I don’t know what Hall et al. v. Artis was about, but the allegations of the next suit over Daniel’s estate — filed in 1930 — are clear. The case caption alone is daunting: Isaac Sauls; Walter Sauls; Luby Sauls; Edward Sauls; Hattie Speight and her husband Walter Speight; Mariah Thompson; Lillie May Sauls, minor, George Sauls, minor, Sarah Sauls, minor, Lillie Lee Sauls, minor, Walter Sauls, minor, appearing by their next friend, Luby Sauls; and Nettie Sauls; Henry B. Lane; Lillie Maud Best and her husband Alex Best; John H. Lane and Carrie D. Lane, a minor, children and heirs at law of Clara Thompson; Penny Edwards, Silas Edwards, Prior Edwards and the Henry Pettaway children as follows: Hadie Pettaway, minor, Willie Harrison Pettaway, Georgia May Pettaway, minor, Minnie Clyde Pettaway, minor, grandchildren of Mariah Edwards, by their next friend Henry Pettaway  v. C.D. Sauls and Duffrey Edwards. In other words, a fight among the heirs of Daniel’s daughter Prior Ann Artis Sauls Thompson.  The crux of the matter is set out in paragraph 10:

10. That the plaintiffs, heirs at law of Isaac Sauls, Mariah Edwards and Clara Thompson are the owners of three fifths of the land devised by Daniel Artis in Item 4 of his will to the children of his daughter Prior Ann and are entitled to have the defendant Cain D. Sauls declared to have the same held in trust for them and are entitled to an accounting of the rents and profits of the same from the date of his purchase in 1908.

Instead, they alleged, C.D. Sauls had been keeping hundreds of dollars of rent for himself and, in 1928, had sold the parcel to Duffrey Edwards for $3000, with full knowledge by Edwards that Sauls was trustee for his relatives. C.D. denied all, of course. In 1937, his daughter and son-in-law, Willie Sauls Burgess and W.D. Burgess, were added as defendants after C.D. and his wife Ada allegedly tried to fraudulently transfer the disputed property to her.  In 1939, the clerk of court entered a non-suit judgment noting that the parties had reached an amicable settlement. No details were included. The matter was over.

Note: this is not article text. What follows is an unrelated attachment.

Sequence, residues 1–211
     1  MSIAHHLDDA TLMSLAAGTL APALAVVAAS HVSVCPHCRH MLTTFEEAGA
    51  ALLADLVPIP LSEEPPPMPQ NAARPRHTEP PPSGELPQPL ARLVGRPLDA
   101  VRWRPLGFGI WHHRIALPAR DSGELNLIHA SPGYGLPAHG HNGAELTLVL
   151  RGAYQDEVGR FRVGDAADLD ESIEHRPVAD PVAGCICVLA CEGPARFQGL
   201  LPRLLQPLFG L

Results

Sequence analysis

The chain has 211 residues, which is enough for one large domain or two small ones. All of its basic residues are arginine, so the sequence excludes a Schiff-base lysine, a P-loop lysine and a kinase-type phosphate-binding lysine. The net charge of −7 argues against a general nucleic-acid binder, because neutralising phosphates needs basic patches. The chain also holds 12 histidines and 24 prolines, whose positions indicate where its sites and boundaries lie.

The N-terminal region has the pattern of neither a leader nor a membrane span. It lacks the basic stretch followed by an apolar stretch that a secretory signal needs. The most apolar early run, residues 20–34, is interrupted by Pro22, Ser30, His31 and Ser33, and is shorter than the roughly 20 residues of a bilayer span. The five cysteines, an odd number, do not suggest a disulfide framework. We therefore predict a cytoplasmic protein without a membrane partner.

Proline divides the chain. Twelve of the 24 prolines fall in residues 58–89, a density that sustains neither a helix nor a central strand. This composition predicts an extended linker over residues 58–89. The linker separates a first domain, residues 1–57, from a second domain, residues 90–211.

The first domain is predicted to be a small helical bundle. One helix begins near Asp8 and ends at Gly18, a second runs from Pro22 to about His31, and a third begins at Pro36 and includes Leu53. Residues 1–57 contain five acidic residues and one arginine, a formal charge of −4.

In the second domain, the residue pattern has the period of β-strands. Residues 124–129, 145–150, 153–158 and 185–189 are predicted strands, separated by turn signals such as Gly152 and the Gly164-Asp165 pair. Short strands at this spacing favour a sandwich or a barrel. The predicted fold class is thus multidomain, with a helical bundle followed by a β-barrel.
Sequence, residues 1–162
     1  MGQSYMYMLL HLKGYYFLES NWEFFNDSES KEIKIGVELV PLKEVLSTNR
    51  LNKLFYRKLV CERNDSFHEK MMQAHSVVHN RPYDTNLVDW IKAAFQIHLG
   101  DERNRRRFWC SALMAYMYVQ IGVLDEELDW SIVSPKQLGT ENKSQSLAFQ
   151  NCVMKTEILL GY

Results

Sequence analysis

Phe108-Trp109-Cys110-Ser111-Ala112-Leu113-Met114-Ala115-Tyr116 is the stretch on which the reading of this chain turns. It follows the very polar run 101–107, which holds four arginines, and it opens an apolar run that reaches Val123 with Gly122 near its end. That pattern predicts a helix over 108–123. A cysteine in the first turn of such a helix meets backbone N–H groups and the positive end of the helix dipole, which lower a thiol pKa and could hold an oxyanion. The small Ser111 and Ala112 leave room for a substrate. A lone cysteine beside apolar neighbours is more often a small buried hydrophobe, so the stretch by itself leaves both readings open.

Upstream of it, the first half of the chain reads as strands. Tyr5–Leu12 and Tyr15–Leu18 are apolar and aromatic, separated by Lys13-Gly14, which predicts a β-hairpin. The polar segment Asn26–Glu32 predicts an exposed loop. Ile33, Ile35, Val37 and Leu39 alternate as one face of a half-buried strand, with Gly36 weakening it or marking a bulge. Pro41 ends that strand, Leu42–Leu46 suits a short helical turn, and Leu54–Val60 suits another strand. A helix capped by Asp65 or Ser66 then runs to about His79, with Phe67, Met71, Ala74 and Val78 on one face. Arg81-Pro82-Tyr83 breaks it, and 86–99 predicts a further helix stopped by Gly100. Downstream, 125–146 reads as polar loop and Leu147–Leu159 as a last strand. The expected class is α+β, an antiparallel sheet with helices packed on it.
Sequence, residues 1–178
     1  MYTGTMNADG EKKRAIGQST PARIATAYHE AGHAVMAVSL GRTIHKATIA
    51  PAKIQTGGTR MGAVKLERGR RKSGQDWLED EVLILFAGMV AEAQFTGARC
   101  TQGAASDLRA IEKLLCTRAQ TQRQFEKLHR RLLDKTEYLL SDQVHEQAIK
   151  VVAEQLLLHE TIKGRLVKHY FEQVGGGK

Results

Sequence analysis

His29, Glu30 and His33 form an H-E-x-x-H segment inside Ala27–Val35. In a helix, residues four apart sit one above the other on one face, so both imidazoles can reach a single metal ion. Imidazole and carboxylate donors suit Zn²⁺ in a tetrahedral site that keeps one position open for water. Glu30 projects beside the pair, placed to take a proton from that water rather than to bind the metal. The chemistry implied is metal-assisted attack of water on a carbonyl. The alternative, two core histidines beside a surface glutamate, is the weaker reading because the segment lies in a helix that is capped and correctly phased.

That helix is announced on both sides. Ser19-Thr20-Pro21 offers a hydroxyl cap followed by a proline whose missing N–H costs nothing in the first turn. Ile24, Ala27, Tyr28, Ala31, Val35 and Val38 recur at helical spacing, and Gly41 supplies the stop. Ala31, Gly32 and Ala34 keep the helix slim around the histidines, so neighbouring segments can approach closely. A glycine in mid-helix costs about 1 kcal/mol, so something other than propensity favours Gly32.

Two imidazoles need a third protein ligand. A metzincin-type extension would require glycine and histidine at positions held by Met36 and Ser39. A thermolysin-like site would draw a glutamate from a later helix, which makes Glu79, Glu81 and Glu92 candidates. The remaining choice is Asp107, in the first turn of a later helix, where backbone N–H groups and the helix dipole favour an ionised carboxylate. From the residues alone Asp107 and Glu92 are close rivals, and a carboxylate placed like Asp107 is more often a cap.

So back to my original line of inquiry: who was this Daniel Artis?

Though he often managed to slip censustakers, the enumerator of the 1880 census found Daniel, his children Henry, Clara, Mariah, Prior Ann, and Lodrick, and their children living in a cluster in Bullhead district.  (There was a marker for “Artis Town” at a spot in the road in Greene County. I think it’s in this area.) At #260, Henry Artis, 30, wife Mary, 27, and children Frances, 16, Didida, 8, Missouri, 7, Settle, 3, and Henry, 2. At #261, Henry Edwards, 40, wife Clara, 45, and children Thomas, 19, Wright, 18, Scott, 15, Eliza, 13, George, 11, Henry, 9, Daniel, 7, and William, 5. #264, Jessee Swinson, 23, wife Maria, 20, and son Charles, 1.  #267, Willis Thompson, 28, wife Prior, 32, and his stepsons Isaac Sauls, 19, Cain Sauls, 18, and Richard Sauls, 15.  #268, Timothy Edwards, 22, wife Maria, 21, and children Mony, 2, and Lilly, 7 months, niece Alice Wood, 15, and grandmother Maria Sauls, 60. #269, Lodrick Artis, 35, wife Amanda, 30, and children Hannah, 12, Frank, 10, Lula, 8, Sarah, 4, Monsey, 2, Lodrick, 1 month, and Marcellus, 1. #270, Daniel Artis Sr., 65, wife Eliza, 60, and granddaughter Ida, 9.